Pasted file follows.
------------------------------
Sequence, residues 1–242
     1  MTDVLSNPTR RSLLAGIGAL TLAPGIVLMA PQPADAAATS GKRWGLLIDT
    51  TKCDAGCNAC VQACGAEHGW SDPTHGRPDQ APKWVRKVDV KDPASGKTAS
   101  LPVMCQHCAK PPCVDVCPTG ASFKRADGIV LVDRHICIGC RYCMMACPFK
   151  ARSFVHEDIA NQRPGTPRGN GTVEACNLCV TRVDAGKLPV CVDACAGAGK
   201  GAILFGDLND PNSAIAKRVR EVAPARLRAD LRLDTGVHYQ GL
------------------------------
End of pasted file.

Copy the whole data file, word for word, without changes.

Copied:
Sequence, residues 1–242
     1  MTDVLSNPTR RSLLAGIGAL TLAPGIVLMA PQPADAAATS GKRWGLLIDT
    51  TKCDAGCNAC VQACGAEHGW SDPTHGRPDQ APKWVRKVDV KDPASGKTAS
   101  LPVMCQHCAK PPCVDVCPTG ASFKRADGIV LVDRHICIGC RYCMMACPFK
   151  ARSFVHEDIA NQRPGTPRGN GTVEACNLCV TRVDAGKLPV CVDACAGAGK
   201  GAILFGDLND PNSAIAKRVR EVAPARLRAD LRLDTGVHYQ GL